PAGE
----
Some employers question whether the pre-adverse action notification procedure is worth the time and trouble of performing background reports. As a practical matter, the procedure takes very little time or resources. It is simply a matter of providing the applicant with a copy of the report, a summary of their rights, and a cover letter. The protection afforded by pre-employment screening certainly outweighs the slight administrative burden of complying with the FCRA. Without pre-employment screening, it is a near statistical certainty that an employer will hire a criminal, which will create problems far more serious then having to send out an occasional adverse action notice.
In addition, by the time an applicant is the subject of a consumer report, an employer has spent time, money and effort in recruiting and hiring. Therefore, it is in the employer's best interest to give an applicant an opportunity to explain any information before denying a job offer. If there was an error in the public records, giving the applicant the opportunity to explain or correct it could be to the employer's advantage. Even if there were other reasons for not hiring an applicant, these rights still apply. In a situation where the employer feels they would have made an adverse decision anyway, regardless of the background report, an employer should still follow this procedure for maximum legal protection.
An open question is how long an employer must wait before denying employment based upon information contained in a consumer report. The FCRA is silent on this point. However, many authorities advise that an employer should wait a reasonable period of time before making the final decision. This period should be the time needed for an applicant to meaningfully review the report and make known to the employer or the reporting agency any inaccurate or incomplete information. This does not mean an employer is required to hold the job open for a long period of time. Most employers find as a practical matter that this provision of law does not impose any undue hardships or burdens. Even though in rare situations an employer may have questions on how to proceed, the clear advantages of a pre-employment screening program far outweigh any complications that can theoretically arise from compliance issues.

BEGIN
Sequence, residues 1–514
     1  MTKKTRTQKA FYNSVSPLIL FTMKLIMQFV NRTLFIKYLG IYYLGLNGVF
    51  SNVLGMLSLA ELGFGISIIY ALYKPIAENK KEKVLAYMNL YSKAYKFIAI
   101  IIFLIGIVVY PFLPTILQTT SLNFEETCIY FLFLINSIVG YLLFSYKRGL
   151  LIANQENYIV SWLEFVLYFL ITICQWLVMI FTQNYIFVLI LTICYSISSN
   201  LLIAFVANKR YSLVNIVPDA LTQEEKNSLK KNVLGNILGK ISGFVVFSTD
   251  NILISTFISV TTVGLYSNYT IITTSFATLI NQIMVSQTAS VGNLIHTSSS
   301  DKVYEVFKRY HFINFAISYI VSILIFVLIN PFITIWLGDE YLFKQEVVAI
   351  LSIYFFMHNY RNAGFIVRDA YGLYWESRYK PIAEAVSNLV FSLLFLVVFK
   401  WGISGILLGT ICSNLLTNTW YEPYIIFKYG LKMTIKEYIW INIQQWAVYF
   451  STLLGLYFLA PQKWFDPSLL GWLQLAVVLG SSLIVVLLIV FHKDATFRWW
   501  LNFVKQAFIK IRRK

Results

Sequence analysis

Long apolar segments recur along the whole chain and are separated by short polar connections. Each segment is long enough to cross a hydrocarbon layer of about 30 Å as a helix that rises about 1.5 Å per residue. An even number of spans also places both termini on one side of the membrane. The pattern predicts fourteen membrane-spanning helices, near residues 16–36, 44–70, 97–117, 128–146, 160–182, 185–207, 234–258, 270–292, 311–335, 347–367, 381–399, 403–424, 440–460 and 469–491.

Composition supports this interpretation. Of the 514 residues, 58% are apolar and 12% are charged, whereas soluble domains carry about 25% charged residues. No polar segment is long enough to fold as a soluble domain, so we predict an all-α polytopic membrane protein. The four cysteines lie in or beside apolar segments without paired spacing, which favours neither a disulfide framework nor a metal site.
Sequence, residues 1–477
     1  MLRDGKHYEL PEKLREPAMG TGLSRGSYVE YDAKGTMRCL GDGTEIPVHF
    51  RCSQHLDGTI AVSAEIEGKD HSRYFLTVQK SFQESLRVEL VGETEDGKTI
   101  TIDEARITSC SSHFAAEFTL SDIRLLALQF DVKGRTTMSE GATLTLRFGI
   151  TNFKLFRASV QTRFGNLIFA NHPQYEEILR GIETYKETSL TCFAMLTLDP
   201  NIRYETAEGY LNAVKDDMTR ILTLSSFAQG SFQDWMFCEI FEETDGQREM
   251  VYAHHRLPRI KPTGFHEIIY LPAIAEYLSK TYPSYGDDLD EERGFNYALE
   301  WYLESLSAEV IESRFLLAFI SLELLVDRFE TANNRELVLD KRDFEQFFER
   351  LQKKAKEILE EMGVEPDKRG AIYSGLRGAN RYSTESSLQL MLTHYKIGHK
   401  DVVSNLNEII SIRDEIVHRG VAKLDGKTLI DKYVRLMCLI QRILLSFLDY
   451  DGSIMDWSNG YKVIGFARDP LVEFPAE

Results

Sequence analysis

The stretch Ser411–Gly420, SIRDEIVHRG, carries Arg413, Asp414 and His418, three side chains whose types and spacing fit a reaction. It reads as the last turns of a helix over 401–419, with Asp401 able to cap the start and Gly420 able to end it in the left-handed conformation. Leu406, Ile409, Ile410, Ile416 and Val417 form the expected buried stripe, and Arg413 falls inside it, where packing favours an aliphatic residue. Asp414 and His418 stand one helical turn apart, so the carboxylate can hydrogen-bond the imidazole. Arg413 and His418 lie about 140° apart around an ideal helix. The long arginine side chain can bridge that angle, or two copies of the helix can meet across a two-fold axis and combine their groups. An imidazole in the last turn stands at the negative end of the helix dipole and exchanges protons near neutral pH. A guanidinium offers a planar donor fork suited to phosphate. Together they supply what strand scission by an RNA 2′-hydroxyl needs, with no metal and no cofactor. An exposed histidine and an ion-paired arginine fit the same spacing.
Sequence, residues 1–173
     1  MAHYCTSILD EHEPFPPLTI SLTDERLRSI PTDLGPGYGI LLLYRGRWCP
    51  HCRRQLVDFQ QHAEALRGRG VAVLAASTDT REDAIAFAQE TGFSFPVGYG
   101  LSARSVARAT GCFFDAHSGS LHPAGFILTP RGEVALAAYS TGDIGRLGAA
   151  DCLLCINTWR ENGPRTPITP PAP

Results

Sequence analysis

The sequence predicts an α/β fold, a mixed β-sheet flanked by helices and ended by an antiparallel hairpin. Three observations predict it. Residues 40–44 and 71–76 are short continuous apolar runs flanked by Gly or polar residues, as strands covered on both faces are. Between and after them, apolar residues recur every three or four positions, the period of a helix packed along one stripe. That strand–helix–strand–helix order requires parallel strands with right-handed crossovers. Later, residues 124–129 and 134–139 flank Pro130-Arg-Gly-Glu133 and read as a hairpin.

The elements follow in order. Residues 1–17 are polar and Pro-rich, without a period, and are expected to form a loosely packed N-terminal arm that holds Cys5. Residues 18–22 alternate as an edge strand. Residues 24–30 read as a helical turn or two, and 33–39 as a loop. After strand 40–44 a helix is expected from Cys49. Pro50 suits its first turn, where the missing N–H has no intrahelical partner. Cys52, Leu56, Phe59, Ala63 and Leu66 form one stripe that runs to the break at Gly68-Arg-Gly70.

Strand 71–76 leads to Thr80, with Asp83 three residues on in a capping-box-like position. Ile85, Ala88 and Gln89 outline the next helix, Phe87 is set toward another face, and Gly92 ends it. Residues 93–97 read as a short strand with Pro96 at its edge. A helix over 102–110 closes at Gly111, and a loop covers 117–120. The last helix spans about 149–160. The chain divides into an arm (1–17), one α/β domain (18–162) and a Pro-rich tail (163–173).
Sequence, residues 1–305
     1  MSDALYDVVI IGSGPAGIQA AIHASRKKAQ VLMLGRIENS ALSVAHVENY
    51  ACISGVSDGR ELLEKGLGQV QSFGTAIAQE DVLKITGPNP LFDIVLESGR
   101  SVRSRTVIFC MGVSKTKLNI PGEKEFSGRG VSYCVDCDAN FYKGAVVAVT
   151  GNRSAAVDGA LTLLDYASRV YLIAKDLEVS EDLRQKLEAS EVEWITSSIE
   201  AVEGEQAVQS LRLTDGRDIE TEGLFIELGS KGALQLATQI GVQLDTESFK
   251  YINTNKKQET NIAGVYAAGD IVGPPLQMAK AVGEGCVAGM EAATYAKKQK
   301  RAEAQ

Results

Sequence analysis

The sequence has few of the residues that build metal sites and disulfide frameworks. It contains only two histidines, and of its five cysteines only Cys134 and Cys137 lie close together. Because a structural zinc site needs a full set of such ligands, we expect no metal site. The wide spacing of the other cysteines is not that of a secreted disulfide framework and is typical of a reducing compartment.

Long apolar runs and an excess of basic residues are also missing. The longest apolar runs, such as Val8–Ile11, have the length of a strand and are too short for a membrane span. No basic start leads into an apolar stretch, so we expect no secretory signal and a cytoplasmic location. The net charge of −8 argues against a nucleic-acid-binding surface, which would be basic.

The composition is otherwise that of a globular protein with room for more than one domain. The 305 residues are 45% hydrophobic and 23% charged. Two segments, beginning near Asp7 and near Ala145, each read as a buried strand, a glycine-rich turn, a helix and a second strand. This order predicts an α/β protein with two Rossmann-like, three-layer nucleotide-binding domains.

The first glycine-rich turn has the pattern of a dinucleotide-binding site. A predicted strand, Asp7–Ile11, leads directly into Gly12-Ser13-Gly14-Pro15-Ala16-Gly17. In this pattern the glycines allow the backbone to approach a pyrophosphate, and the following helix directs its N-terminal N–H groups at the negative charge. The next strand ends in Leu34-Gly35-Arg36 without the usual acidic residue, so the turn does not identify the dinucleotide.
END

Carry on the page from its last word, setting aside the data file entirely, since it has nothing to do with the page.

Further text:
One common question is how far back a consumer reporting agency can go in reporting criminal convictions. The 1998 amendments to the FCRA removed the limitation on reporting criminal records more then seven years old. However, the laws did not affect limitations imposed by state law. It can be argued that some states, such as California, still retain a seven-year limitation on reporting certain criminal convictions. Because there is no workable national rule, many agencies still limit their search to seven years.
Conducting Investigations In-House Vs. Hiring an Outside Agency
Even though the FCRA applies to reports prepared by third parties, it is considered a best practice for corporate security departments conducting their own pre-employment screening programs in-house to operate as though governed by the FCRA. First, if an employer does not operate under the FCRA, the investigation is governed by the privacy rules in effect in that jurisdiction. Although each state is different, the general rule is that employee investigations are governed by a reasonableness standard that balances the employee's expectation of privacy against the employer's legitimate business needs. An employer must show not only reasonable grounds for the investigation, but also that measures adopted are reasonably related to the objectives of the search and not excessively intrusive.
Rather then risk liability for excessive investigations that invade an applicant’s privacy, an employer can simply choose to follow the FCRA. Since Congress has set forth certain rules and procedures to protect consumers, an employer minimizes any liability when its internal security department follows the federal rules.
The second problem is that even when an internal security department conducts an investigation, it can still fall under the rules of the FCRA. For example, if corporate security retains the services of a records search firm or a private investigator to obtain criminal records on its behalf, it is preparing a "consumer report," and all FCRA rules apply, including the need for written consent and disclosure. An opinion letter issued by the legal staff of the FTC interpreting the FCRA states in clear terms that even when that company hires an investigator or public records firm just to obtain court records for an internal investigation, written consent and disclosure is necessary. Although such staff letters are not legally binding, they carry great weight in the interpretation of the FCRA. Thus, unless a corporate security department intends to perform everything in-house, including sending its own employees to any courthouse in the country where it wants to obtain criminal records, the employer should arguably operate under the rules of the FCRA.